This took us a little longer than simply switching on the Peloton, and even the best tablet can’t match the immersive experience of Peloton’s 20in+ touchscreens, but it still allowed us to enjoy plenty of follow-along classes. 

Echelon’s more expensive offerings like the Connect Sport-s and Connect EX-5s do have in-built touchscreens, if this is a deal breaker for you. 

Peloton vs Echelon: image of man riding Peleton

(Image credit: Peloton)

Peloton vs Echelon: Performance

This is a close-run race, but Peloton just pips Echelon to the post. Both the Peloton Bike and the Echelon EX-3 are well-made, robust exercise bikes, and there are many similarities between the two. 

Both bikes have wheels on the base to make them fairly easy to maneuver, both bikes remained stable when we pushed the pedal to the metal, and we found the flywheels on both bikes moved both smoothly and quietly thanks to effective magnetic resistance—a fact we’re sure your neighbors will be happy about. 

The two bikes also share the classic spin-bike dial on the frame to alter the resistance, although we found the Echelon one was a bit under-sensitive for our liking.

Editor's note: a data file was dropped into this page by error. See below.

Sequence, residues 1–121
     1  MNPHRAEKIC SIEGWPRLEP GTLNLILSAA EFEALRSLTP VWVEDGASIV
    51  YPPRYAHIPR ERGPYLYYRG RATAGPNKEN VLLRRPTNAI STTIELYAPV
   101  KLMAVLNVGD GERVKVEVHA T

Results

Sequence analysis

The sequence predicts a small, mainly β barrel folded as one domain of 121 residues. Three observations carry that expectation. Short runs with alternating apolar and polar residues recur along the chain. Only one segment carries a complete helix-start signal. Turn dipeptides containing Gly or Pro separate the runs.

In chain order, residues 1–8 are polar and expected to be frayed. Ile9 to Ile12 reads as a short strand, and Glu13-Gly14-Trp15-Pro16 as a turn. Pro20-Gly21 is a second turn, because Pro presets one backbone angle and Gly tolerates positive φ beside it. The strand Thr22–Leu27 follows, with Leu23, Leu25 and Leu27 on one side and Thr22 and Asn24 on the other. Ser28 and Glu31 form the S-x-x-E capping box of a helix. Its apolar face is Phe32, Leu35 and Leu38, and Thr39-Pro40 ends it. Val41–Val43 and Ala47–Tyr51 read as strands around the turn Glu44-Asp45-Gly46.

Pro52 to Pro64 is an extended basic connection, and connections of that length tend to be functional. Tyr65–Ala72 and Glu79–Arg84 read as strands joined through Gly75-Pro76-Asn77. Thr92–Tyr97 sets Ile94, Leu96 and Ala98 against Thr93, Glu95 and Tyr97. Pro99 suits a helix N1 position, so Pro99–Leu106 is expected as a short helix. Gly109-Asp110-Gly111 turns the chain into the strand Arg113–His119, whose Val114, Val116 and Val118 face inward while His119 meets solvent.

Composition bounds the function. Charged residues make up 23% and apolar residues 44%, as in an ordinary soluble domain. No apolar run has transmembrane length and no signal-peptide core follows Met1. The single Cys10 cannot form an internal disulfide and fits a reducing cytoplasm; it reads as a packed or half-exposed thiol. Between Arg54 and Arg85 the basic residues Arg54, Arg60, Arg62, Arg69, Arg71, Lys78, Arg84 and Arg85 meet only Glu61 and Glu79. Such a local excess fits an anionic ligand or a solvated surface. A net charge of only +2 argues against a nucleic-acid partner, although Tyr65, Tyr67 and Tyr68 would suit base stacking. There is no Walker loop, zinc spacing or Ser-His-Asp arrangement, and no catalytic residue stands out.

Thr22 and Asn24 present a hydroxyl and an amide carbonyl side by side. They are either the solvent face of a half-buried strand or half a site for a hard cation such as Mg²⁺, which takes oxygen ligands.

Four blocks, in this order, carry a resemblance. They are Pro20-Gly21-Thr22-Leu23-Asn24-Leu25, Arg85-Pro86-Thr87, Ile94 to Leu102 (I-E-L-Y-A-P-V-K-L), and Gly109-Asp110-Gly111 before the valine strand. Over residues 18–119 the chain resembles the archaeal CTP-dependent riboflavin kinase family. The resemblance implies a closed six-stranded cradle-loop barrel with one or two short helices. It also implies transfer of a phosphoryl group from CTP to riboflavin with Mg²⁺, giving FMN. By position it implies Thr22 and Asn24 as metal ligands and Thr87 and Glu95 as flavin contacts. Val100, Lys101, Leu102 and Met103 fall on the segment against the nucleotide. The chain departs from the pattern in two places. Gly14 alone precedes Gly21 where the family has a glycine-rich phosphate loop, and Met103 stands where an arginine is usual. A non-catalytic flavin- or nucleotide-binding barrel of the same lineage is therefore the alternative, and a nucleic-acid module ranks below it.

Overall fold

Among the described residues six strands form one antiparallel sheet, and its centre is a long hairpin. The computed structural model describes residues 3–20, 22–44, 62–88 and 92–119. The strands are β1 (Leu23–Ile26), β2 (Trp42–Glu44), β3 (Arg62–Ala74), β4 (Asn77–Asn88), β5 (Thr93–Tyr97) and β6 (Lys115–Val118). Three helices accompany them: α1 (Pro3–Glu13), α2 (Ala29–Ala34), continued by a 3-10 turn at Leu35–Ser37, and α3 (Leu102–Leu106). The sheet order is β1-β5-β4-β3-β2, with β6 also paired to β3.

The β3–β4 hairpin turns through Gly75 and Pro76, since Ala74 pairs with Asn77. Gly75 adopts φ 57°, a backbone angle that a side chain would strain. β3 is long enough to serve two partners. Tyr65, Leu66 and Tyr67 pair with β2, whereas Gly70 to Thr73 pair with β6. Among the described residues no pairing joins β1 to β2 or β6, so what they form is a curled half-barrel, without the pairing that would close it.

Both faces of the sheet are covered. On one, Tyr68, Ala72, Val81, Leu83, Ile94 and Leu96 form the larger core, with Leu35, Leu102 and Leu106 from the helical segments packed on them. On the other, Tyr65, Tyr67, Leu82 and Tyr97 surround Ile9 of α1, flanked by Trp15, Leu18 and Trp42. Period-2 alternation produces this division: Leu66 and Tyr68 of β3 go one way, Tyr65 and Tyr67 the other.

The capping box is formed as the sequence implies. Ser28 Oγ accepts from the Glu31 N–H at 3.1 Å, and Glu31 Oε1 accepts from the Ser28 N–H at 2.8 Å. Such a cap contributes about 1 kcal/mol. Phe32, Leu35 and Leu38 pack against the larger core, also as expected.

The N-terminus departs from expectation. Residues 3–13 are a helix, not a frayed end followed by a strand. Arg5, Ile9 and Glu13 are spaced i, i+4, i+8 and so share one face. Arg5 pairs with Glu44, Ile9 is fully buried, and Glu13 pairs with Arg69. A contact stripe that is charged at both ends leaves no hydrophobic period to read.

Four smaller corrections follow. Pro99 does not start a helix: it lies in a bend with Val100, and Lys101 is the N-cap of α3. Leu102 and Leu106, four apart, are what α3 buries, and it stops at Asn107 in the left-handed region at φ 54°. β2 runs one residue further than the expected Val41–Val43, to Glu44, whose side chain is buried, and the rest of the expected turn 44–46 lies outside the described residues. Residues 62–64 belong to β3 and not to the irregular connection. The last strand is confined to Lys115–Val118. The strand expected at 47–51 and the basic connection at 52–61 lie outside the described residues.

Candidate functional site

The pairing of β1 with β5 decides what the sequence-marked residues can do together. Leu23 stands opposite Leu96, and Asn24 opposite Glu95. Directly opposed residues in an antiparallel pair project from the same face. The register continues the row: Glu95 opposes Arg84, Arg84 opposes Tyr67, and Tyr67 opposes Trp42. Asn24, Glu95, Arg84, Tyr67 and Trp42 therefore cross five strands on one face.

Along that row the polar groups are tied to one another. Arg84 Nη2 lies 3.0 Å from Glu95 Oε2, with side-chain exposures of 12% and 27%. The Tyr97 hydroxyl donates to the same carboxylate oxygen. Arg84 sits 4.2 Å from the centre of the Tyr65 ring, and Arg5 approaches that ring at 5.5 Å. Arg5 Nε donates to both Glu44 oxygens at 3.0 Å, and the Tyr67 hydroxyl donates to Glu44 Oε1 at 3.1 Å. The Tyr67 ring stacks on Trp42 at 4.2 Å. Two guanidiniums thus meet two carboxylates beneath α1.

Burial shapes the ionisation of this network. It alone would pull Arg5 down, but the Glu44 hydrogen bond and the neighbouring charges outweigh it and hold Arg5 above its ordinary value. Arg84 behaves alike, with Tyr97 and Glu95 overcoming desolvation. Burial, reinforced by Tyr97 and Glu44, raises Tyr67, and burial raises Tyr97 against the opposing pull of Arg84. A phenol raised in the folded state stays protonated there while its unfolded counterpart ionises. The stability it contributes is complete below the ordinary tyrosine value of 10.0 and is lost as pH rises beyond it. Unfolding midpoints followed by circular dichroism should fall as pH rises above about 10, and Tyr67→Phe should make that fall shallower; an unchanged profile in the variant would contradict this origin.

The only other separator between the two products is the metrics on offer. The Echelon offers a good amount of real-time performance data on your speed, estimated calorie burn, cadence, output and distance covered, but the Peloton bike goes into a bit more detail with features such as personalized Power Zone Indicators to help make sure the class is tailored to your fitness needs. 

Peloton vs Echelon: image of woman using Echelon bike

(Image credit: Echelon)

Peloton vs Echelon: Workouts

Once you’ve bought the bike, splashed on a set of the best shoes for Peloton and subscribed to the app, it’s clear getting set up on the Peloton bike is a hefty investment. But it’s the Peloton App that many people feel vindicates this lofty cost.

There are thousands of workouts available, with classes of varying lengths, intensities and difficulties meaning there’s something for everyone. 

These aren’t limited to spin sessions either. Peloton also has instructor-led running, walking, meditation, cardio, strength, stretching, yoga and boot camp classes which you can follow on the bike screen or via the app on your phone. 

Each class has Peloton’s signature stamp, led by a team of knowledgeable and (sometimes excessively) enthusiastic coaches adorned from head to toe in Peloton apparel. Most are also set in a studio setting, bringing the gym to you and giving them a professional feel.